For every five buildings, there’s an operations manager to address issues as and when they arise. R&D projects are going on which are focused on improving safety in the buildings.
Co-living has emerged as a concept that offers convenience, community and cost-effectiveness, especially to thousands of millennials who move to cities. OYO Life, an OYO brand, is one of the latest and big entrants in this market. According to a recent report released by real estate portal PropTiger, the co-living business is set to grow into a $93-billion market in India. OYO Life aims to conquer a huge chunk of this market with its end-to-end services. Rohit Kapoor, chief executive officer, new real estate businesses, OYO Hotels & Homes, talks to Srinath Srinivasan on how the company is aiming to disrupt this space amid growing competition.
How do you position OYO Life among other brands in the market? Have you ventured late into this business?
Co-living as a market is basically long-term rental. Today, there are around 1 lakh beds in the organised living space in India. This is disproportional, given the number of people who migrate to the cities looking for a place to stay, which is around 55 million a year. We are focused on what we can do independently rather than compete with others. We are in four cities, Bengaluru, Gurgaon, Noida and Pune. By the end of 2019, we aim to be in 10 cities with over 1 lakh beds. We aim to be the largest brand in this segment within this financial year. This is possible because of the existing technology infrastructure we have over the scale of OYO’s operations and our ways of forming partnerships. We can acquire supply at a really cheap price and at a speed that others can’t match.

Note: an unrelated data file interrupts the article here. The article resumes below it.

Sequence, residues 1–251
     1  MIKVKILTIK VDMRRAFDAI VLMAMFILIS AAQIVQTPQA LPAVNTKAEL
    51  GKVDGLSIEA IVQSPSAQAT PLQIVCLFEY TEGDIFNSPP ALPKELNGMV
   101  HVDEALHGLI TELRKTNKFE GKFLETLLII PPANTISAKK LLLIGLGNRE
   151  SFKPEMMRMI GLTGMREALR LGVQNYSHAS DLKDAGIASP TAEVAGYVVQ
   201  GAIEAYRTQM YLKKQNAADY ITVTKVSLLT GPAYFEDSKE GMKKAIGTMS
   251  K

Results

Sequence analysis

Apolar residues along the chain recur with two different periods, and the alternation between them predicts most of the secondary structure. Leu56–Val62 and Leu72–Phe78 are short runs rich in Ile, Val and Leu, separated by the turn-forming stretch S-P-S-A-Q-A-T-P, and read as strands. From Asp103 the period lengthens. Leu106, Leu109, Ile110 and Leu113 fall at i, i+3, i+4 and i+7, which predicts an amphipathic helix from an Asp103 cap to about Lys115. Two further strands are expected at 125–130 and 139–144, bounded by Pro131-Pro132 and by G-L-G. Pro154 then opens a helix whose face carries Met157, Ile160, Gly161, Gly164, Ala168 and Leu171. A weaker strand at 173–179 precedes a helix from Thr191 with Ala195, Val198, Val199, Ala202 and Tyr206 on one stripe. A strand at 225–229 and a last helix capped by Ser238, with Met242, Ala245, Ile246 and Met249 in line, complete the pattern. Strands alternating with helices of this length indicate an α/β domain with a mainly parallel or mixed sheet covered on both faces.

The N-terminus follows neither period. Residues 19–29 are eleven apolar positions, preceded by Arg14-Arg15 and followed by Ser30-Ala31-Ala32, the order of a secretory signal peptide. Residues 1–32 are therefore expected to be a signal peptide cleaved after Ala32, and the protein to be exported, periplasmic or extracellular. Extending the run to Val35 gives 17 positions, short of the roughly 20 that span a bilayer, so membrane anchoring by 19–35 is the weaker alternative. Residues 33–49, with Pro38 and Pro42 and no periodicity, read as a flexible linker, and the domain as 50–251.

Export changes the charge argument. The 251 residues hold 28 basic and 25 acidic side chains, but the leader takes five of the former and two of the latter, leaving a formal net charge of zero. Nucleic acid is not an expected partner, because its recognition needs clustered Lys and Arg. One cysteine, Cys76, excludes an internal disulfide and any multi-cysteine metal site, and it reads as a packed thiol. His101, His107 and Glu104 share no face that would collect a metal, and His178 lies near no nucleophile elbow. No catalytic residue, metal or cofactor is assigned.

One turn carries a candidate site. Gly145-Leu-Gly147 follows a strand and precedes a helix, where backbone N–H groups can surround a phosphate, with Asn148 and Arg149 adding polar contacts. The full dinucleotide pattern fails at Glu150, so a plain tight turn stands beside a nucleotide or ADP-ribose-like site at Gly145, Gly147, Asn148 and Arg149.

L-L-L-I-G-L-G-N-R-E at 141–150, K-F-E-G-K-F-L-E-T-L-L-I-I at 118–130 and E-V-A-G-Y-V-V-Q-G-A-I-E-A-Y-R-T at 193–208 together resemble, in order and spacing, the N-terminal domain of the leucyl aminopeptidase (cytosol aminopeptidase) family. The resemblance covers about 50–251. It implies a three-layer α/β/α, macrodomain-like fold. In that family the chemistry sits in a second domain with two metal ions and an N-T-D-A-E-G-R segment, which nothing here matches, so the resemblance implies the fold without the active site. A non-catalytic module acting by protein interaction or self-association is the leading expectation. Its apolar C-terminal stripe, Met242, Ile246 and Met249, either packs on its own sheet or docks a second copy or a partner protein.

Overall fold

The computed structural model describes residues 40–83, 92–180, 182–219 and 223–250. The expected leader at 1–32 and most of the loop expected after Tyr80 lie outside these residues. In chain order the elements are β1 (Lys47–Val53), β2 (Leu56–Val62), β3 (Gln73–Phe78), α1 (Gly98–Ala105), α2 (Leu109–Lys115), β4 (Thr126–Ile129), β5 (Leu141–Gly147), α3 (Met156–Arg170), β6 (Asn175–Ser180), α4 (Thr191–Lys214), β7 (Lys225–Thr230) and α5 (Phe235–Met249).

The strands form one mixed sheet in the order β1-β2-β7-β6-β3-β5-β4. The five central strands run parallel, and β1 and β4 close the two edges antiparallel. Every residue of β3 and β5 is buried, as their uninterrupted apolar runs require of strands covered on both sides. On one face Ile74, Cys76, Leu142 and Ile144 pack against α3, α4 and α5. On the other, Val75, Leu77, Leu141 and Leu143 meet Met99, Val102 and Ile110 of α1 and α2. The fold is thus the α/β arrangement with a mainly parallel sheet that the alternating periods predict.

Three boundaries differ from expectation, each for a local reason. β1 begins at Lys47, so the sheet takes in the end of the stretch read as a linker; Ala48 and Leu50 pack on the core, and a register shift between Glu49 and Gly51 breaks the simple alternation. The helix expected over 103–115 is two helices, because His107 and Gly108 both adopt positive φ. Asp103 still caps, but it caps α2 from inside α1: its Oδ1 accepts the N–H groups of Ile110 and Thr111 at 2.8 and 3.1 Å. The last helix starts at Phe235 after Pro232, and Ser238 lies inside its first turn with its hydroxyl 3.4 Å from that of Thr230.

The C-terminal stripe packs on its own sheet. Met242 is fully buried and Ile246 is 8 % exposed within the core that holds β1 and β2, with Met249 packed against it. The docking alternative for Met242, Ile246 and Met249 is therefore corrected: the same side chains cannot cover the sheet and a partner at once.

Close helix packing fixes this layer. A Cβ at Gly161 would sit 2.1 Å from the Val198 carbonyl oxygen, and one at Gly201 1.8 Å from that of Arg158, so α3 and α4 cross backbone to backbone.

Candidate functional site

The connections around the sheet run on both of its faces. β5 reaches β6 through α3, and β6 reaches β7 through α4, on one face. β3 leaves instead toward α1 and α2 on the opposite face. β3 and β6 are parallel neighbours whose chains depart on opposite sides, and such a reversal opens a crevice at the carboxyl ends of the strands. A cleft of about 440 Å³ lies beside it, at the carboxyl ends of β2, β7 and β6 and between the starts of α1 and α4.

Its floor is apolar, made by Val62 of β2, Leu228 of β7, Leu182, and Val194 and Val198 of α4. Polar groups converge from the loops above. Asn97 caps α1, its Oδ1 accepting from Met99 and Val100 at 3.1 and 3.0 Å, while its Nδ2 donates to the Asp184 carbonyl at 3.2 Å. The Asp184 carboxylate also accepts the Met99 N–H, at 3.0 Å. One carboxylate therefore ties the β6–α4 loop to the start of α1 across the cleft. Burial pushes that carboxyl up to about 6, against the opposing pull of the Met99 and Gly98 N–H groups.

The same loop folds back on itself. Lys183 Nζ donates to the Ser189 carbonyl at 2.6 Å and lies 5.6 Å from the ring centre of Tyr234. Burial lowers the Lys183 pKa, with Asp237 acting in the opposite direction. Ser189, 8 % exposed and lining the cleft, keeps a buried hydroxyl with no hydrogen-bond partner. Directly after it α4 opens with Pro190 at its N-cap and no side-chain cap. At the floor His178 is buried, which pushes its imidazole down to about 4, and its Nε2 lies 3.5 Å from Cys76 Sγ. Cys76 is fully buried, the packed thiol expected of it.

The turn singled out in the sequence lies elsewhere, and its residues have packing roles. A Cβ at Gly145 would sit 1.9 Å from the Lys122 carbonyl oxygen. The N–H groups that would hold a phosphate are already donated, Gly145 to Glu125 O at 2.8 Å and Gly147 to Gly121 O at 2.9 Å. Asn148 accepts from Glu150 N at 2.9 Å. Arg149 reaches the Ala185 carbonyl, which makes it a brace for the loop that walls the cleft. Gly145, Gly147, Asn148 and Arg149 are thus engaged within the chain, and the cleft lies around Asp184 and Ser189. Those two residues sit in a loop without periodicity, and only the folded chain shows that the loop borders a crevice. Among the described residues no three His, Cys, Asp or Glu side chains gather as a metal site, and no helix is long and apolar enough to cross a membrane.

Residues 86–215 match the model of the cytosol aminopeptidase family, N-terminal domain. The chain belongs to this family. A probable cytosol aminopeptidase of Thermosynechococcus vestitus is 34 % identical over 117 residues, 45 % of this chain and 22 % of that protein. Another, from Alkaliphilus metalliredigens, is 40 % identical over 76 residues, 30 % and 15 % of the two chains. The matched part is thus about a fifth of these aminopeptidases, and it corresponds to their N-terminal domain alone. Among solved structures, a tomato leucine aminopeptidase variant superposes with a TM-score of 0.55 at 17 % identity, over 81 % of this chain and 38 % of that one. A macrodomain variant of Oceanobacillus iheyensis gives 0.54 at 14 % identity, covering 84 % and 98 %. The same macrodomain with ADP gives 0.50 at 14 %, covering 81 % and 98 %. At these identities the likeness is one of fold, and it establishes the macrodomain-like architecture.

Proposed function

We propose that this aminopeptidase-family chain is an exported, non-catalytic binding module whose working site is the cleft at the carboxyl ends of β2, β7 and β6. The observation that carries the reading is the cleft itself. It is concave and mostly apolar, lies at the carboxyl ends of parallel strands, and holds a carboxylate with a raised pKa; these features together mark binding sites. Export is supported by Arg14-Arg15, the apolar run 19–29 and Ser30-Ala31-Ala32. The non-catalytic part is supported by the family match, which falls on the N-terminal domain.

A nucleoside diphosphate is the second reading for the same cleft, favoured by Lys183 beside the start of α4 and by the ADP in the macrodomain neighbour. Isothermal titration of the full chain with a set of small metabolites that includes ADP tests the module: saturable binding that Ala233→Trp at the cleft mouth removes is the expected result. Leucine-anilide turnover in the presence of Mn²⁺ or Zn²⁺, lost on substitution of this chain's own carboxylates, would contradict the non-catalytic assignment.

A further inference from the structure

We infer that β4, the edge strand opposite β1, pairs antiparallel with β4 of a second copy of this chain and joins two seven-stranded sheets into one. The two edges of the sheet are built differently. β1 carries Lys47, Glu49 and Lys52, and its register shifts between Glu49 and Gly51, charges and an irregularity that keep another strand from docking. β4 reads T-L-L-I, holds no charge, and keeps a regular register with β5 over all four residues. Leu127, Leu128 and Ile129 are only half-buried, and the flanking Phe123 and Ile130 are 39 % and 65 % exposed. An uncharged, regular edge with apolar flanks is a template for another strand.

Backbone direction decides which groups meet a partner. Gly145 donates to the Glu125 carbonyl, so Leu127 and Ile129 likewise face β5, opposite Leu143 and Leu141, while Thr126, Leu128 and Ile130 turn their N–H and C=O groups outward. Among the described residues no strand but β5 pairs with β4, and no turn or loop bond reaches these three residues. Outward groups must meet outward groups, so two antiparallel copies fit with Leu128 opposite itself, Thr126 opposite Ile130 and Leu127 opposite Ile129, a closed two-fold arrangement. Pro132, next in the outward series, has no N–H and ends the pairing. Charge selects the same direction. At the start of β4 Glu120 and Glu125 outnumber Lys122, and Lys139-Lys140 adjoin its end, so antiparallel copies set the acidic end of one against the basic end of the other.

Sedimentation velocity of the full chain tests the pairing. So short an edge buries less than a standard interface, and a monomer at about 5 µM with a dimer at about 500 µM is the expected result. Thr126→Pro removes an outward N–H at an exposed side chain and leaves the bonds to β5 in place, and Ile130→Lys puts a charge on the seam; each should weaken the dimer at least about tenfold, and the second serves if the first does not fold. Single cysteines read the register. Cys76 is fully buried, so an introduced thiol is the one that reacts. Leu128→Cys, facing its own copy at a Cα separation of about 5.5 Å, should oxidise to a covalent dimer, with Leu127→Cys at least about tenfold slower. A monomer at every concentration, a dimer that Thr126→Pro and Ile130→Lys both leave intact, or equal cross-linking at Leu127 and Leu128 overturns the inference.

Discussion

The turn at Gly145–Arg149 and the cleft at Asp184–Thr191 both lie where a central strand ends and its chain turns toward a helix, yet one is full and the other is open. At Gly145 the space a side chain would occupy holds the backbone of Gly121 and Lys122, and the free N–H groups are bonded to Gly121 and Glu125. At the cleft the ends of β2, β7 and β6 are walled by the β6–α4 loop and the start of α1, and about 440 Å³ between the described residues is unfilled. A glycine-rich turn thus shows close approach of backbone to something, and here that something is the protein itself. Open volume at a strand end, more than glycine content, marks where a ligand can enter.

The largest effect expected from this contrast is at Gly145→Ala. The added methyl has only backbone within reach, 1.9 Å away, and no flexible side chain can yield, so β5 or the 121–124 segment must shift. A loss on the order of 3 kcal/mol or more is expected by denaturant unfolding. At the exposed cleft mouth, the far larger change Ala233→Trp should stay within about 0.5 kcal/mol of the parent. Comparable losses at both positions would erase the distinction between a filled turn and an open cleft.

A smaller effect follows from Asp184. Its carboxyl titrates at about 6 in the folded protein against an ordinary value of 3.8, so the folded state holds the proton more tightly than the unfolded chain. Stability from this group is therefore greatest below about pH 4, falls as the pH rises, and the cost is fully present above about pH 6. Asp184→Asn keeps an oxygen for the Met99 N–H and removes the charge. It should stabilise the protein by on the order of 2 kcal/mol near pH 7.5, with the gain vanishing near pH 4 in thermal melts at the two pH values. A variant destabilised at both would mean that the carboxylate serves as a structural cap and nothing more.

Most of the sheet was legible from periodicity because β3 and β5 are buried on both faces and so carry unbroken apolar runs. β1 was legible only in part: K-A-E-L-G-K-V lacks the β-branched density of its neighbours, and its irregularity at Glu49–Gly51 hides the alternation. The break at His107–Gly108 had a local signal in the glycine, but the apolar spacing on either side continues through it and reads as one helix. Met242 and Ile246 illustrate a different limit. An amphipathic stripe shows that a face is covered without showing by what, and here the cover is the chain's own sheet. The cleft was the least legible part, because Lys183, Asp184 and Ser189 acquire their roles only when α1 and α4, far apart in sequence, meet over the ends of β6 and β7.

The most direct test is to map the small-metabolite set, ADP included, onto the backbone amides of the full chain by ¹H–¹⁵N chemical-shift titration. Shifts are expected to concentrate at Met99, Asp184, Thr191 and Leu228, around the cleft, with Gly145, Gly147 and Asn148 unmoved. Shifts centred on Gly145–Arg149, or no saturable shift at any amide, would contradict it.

Will there be any specific technological innovation to support this business?
There will be a 20-30 % customisation to our existing systems. Technology will be customised on the customer side. The simple fact that OYO Life is a long stay will make our customer care system work differently. Other areas will include customer engagement and community programmes.
What will be the customer acquisition strategy for OYO Life?
We don’t spend much on marketing. Our main channel for acquiring customers is via our website. Customer referrals are another important channel. It is a big programme. Third is the offline broker channel. The customer pays no brokerage. We use that channel to get leads. Lastly, we do a lot of B2B tie-ups — companies which are looking to provide options for their new employees to stay closer to the office. We are also building campus channels for students graduating from college and university campuses. Our OYO app also helps market OYO Life.
Grievance redressal seems to be a major problem. It has affected other brands in the past on social platforms. How do you plan to address this early in your business?
We focus on few things but we make sure we do them right. For our operations and customer experience, we make sure we hire only the best senior executives. As much as 80 % of our budget is spent on training and developing ground-level staff and caretakers. They are the important stakeholders in improving customer experience. It is also our biggest challenge to get the right talent at every level. We are adding 200 people a month. We are building city level command centres to mobilise services at the micromarket level. For every five buildings, there’s an operations manager to address issues as and when they arise. R&D projects are going on which are focused on improving safety in the buildings. Also, we have a 100% inventory and this differentiates our business model from others, giving us end-to-end control and fast response time. I believe all these are not done by anyone else in the market at the moment and it will significantly avoid problems for us.